The longest meat counter on the west coast. Mmmm...beefy!

My meat being tied up, just moments from my hungry little hands!

We're having our friends from Castagna, Monique and the Handsome One, over for dinner tonight, because the H.O.'s parents are in town from Iowa, and we'll be tonight's diversion. Iowa, meat, and rock 'n roll. It all goes together. Especially when you get to go to the Mecca of meat here, Gartner's Meats. Gartner's has been out in the hinterlands by the airport for about 50 years. Surrounded by a neighborhood filled with homeowners who seem to think the best place for the fridge is the front porch and who never met a car that they thought didn't look better up on blocks, this place is the deal to get your pound or a hundred of flesh. This is old school butchering. You've got some animal from the forest strapped to the hood of your car? Come on in. Need a side of beef in a hurry? They'll hook you up. Pork, beef, chicken, house smoked sausages? They've got you so covered. And don't even think about leaving without their famous pepperoni sticks for the drive home. At 9:15 this morning in the car on my way to work, nothing tastes better. Especially when I've got a comforting 6.5-pound three rib prime roast that in a few short hours will be sizzling in my oven sitting next to me. Stay tuned tomorrow and I'll let you know how it goes. Rock on!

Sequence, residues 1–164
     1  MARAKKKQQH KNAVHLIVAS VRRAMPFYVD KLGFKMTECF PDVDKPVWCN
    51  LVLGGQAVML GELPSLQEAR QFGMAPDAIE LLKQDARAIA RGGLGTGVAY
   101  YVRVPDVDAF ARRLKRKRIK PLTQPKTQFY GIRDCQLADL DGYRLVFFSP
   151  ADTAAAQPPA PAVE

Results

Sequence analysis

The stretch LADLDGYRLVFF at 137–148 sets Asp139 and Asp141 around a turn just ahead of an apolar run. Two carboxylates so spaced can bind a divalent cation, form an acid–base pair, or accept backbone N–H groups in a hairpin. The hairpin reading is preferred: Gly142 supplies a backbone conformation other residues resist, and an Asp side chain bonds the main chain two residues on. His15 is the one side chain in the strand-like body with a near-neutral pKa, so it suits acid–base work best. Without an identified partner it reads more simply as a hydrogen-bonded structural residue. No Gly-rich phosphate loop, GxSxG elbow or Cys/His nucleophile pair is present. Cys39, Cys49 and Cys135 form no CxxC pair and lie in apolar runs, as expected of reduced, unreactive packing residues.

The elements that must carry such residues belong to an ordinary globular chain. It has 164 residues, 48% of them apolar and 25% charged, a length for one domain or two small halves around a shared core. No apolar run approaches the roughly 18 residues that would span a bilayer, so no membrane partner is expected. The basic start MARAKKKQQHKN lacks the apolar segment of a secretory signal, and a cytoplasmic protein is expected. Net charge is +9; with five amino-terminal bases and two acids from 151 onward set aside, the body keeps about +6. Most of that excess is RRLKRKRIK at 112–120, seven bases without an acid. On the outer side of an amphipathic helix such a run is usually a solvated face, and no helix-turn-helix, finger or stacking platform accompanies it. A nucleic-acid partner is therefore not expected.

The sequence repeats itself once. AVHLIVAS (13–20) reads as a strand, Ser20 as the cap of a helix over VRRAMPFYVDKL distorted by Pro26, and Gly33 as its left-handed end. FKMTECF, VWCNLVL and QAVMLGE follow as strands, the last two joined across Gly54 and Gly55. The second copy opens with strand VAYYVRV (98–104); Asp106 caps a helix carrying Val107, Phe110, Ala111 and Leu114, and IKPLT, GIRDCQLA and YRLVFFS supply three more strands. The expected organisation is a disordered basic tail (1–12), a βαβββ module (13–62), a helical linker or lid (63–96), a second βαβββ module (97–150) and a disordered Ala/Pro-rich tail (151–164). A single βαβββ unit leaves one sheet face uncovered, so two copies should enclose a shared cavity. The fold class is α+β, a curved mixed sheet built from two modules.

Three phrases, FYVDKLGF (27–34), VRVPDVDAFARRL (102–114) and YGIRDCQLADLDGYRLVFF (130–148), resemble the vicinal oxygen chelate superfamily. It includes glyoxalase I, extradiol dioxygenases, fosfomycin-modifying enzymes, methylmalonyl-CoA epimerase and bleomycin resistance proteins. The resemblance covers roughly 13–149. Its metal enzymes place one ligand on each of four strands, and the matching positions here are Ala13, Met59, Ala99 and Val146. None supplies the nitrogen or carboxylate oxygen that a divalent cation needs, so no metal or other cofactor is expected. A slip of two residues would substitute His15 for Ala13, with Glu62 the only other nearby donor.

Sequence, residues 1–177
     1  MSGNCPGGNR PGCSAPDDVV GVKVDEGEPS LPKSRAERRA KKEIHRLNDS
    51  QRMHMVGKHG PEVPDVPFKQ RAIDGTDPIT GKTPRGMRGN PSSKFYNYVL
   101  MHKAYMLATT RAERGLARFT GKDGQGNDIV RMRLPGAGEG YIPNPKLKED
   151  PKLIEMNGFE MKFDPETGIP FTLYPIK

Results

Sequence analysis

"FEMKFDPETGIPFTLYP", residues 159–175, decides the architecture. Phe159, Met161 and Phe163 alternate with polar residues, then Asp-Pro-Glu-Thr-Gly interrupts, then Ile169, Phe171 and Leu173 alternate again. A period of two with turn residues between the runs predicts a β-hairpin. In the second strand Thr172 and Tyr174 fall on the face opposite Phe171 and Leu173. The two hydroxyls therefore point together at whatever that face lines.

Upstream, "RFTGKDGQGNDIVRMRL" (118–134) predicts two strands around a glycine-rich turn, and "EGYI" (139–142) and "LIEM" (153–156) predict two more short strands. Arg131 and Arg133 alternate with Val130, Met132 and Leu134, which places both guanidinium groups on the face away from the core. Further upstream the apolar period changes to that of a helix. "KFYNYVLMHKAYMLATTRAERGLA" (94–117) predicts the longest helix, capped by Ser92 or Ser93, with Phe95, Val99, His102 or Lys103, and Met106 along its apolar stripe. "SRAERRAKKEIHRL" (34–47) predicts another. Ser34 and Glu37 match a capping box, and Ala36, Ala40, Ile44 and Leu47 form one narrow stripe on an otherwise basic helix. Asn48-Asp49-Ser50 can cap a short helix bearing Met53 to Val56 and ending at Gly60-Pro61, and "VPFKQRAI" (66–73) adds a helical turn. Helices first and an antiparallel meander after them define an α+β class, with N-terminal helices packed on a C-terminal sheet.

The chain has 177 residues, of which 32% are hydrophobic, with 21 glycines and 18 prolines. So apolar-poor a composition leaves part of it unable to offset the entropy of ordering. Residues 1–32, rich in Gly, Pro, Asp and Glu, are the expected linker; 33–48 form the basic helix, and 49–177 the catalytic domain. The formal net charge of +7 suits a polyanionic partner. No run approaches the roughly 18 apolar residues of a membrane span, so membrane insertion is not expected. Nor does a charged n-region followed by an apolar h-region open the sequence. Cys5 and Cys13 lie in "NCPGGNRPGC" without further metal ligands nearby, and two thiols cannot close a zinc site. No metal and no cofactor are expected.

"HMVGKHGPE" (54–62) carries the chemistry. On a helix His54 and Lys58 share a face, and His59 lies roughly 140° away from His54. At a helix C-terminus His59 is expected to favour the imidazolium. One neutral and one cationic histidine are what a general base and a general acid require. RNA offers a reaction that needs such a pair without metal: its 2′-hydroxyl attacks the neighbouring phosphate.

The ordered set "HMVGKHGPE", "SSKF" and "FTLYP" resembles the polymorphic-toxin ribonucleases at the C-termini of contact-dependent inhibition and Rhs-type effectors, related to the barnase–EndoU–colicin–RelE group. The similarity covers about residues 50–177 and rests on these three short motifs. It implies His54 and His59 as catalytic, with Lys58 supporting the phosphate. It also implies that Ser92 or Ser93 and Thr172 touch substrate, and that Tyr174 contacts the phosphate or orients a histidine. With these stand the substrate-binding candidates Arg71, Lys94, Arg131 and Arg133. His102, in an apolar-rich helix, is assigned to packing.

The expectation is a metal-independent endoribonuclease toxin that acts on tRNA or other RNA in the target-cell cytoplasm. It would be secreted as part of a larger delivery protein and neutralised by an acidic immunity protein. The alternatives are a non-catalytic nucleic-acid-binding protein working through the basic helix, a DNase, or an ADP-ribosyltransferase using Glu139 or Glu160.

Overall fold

Gartner's pepperoni sticks....don't leave for home without 'em!

Monday, June 18, 2007

Why not, indeed?

As a rule, I'm not a big breakfast person. But on the way out of town yesterday, w and I didn't want to day trip without some sustenance, so we stopped at our favorite tacqueria, ¿Por Que No? on North Mississippi, because when don't little tacos taste good besides never? At least that was our thought heading in. I had forgotten that on weekends they do their version of brunch, where along with their usual killer tacos...including crazy good carnitas that will make you swoon in meaty delight...they offer other specials, which can include among other things huevos rancheros, a tamale with eggs, and my favorite, chilaquiles. Chilaquiles are what Mexicans do with leftover tortillas. They are cut into pieces, fried, then smothered in a red/green sauce, onion, cilantro, cheese, and sometimes (like at PQN) served with egg. It is so good, and I have a feeling something I'll be exploring at home. w had the huevos, that were also muy bueno, but for me chilaquiles are the deal. And at $7.50 a plate, a fabulous deal! Dig this, amigos......

Saturday, June 16, 2007

The truth hurts....but in a painfully funny way!

If you haven't checked out Nancy Rommelmann's blog yet, do. Now!! She is so good, shooting straight, as they say "from the lip". Especially in her latest entry, being, down there! The best part is weaving a discussion she had with her aesthetician about Christopher Hitchen's latest book God is Not Great: How Religion Poisons Everything while in the middle of the "procedure". Nice focus, Nancy.

She always tells a good story, without any bullshit, and is thankfully lousy at pulling punches. It's like having that friend who always says the stuff you want to, but don't. Food, books, religion, childhood, obese people. She covers all of it, and her commentary is dead on and so worth the bookmark. Keep it coming, NR!

Friday, June 15, 2007

Deliver me from desperation!